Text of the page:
My final project at university is a development from all the work that I have been doing since last August in response to transgender issues. I have been working with Jennifer since last May, and photographing for this module since last August; when I became involved in Miss Transgender UK. In the ‘What is real’ module, I documented the thoughts and feelings of my friend Jennifer as she started her transition, living as a transgender woman.
The ‘What is real’ module along with the research of my dissertation, which explores the social constructs of gender, is really influencing the focus of my photography work.
In this module, I want to take it further then the typical documentation of a transition, I want to research and explore aspects of identity and the connection of gender to our ideas of selves.
To create photography is to be a viewer, to watch and observe. The gaze is something I am very interested in. How people see you and you see yourself shapes and defines your identity. This was something that became very obvious whilst submerged in the beauty pageant world for a few weeks, the gaze – the awareness of the gaze/ the consciousness of looking and being looked at.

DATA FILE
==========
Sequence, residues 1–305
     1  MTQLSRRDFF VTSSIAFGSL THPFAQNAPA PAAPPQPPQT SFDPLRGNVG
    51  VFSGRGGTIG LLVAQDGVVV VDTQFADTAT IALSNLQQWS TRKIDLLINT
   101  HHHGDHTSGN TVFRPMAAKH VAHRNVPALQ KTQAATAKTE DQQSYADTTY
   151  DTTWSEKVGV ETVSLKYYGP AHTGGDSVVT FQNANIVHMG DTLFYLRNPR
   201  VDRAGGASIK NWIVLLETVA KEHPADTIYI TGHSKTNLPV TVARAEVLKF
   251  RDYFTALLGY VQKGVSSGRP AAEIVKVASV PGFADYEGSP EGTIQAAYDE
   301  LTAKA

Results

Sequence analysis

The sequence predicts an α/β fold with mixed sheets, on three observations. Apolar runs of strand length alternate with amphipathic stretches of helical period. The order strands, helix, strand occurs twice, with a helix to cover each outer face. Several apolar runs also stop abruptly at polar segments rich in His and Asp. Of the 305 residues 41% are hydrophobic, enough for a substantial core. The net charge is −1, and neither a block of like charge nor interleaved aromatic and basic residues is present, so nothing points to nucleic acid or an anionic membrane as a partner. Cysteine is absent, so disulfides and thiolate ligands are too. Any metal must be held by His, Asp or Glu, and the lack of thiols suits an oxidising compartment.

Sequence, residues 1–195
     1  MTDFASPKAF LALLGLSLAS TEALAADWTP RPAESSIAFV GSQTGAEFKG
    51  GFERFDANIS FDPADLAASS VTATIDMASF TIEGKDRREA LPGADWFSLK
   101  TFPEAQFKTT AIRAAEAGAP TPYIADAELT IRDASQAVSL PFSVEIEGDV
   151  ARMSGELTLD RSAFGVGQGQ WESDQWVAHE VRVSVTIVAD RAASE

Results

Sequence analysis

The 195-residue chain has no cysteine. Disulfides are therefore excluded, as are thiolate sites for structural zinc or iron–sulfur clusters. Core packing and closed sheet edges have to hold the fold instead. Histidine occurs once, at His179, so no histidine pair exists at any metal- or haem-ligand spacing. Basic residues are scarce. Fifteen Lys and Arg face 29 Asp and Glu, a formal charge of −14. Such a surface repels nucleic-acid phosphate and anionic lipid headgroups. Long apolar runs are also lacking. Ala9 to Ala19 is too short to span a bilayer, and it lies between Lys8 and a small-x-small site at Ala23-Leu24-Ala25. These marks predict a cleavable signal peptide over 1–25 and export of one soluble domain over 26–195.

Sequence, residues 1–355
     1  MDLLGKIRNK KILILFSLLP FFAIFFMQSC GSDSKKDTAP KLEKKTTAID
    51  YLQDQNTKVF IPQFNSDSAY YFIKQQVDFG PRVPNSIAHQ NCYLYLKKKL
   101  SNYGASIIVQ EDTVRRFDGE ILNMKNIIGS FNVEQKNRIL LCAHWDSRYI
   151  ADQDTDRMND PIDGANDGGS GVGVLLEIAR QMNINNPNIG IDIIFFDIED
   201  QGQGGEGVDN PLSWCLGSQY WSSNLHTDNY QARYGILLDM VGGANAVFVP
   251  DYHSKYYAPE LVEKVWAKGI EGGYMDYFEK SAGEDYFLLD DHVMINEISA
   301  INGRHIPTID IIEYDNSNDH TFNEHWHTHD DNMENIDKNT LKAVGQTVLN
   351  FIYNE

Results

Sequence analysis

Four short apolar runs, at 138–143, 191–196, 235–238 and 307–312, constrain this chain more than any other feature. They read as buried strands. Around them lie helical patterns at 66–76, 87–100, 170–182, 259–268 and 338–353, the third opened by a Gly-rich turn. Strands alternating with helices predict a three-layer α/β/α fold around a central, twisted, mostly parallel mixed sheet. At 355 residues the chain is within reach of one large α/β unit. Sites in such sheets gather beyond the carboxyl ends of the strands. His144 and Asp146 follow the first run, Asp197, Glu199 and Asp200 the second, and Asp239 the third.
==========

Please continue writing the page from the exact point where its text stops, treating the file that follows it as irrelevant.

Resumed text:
For this, I have grown further fascinated in the role of the portrait and it’s role within contextualising and communicating an idea. Below, John Berger writes about the concept of the surveyed and the surveyor and how identity responds to this (in regards to being a woman).
John Berger, Ways of seeing, find pages.
For this project, as said, I have already photographed beauty pageants – which gave me a great array of portraits, and a great body of work that gave insight into that world. The next step is to visit a collection of people, to photograph them in their homes. To understand people as individuals. I accept performance is always occurring, we are always creating an image of ourselves to our loved ones, families, colleagues, even ourselves but I want to try and strip away from that as much as possible – to question this performance and how it relates to our own feeling of self.